Our Parish Nurse, Ann Yeo, recently bid on the Forest Bathing event in our annual auction, and she participated last week with Annie Cubberly as her guide. It was not just a walk in the woods; it was an intentional, meditative experience.

Forest bathing has been defined as the practice of spending time in forested areas for the purpose of enhancing health, wellness, and happiness. It includes literally inhaling the forest atmosphere, which is rich in volatile substances emitted by trees, called phytoncides. Purportedly, phytoncides strengthen our immune system by increasing the production of natural killer cells; and they mitigate our response to the stresses of daily life by decreasing the production of the stress hormone cortisol.

Even without access to a forest, connecting with the green world has been shown to positively affect our emotions and our capacity for self-reflection. Non-forest options include sitting, walking in, or overlooking a garden or park; even enjoying fresh flowers or potted plants indoors. (Source: “Forest Bathing and Its Benefits for Nurses and their Families” by Lisa Gwiazda in Beginnings – A Publication of the American Holistic Nurses Association, June 2020, pp. 6-7, 26-27).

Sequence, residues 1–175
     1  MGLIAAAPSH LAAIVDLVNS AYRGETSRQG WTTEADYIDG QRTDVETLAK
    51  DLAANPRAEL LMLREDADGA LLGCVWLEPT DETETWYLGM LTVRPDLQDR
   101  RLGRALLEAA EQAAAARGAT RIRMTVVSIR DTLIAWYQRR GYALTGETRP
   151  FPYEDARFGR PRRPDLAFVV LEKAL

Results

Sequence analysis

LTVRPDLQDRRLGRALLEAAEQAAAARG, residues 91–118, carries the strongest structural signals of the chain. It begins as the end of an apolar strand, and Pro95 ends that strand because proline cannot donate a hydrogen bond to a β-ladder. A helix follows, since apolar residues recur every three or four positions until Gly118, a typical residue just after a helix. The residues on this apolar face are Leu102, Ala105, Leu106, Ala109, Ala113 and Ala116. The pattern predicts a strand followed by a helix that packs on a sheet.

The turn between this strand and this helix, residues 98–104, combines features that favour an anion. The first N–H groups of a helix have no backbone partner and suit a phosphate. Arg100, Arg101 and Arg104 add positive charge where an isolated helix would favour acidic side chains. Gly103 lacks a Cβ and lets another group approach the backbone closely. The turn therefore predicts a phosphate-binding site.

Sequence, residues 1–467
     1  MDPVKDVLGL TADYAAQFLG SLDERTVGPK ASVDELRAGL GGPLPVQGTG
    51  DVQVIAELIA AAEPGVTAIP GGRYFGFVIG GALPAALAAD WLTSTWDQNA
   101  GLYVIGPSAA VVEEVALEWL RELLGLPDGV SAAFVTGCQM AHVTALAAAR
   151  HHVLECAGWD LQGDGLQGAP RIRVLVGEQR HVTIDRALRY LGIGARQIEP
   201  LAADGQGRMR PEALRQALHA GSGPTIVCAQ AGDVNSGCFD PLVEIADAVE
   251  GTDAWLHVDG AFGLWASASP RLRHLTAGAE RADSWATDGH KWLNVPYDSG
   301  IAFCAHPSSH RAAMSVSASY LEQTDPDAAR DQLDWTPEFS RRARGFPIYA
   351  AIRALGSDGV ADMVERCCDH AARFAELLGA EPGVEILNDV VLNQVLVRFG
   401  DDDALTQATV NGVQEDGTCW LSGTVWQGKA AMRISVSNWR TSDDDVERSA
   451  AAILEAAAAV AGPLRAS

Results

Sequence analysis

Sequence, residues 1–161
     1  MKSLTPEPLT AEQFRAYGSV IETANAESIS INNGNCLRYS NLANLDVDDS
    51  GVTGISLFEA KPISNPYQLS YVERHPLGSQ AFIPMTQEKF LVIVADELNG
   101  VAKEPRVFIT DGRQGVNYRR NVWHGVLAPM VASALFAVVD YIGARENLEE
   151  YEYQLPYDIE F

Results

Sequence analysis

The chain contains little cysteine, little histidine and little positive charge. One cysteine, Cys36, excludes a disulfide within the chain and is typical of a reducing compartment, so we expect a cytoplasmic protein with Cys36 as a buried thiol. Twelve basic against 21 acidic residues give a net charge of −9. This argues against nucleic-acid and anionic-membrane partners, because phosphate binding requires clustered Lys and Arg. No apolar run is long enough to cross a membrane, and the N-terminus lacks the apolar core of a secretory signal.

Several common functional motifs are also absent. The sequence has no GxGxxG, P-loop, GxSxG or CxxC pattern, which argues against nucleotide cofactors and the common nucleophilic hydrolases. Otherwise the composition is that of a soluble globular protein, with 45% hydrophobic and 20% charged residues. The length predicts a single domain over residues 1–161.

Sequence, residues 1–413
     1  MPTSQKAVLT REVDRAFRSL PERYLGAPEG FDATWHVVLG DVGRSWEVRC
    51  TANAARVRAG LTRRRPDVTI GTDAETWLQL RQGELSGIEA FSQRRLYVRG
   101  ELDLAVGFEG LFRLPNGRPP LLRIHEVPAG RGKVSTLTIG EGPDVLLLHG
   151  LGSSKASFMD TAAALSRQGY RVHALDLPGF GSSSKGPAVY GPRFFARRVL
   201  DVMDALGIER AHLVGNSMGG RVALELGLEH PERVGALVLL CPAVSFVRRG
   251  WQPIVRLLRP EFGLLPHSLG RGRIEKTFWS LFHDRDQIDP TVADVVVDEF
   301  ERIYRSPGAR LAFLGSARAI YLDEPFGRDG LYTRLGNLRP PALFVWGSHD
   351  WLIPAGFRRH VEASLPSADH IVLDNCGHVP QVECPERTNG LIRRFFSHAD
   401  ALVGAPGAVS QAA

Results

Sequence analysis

Even during a pandemic – when our options for travel and in-person interactions are limited – safely accessing green spaces in one way or another (or bringing nature indoors, especially for those who cannot go outside at all) is possible and desirable – for the potentially-beneficial effects on our physical and mental health. Go green!

-Ann Yeo, RN, MSN, Certified Holistic Nurse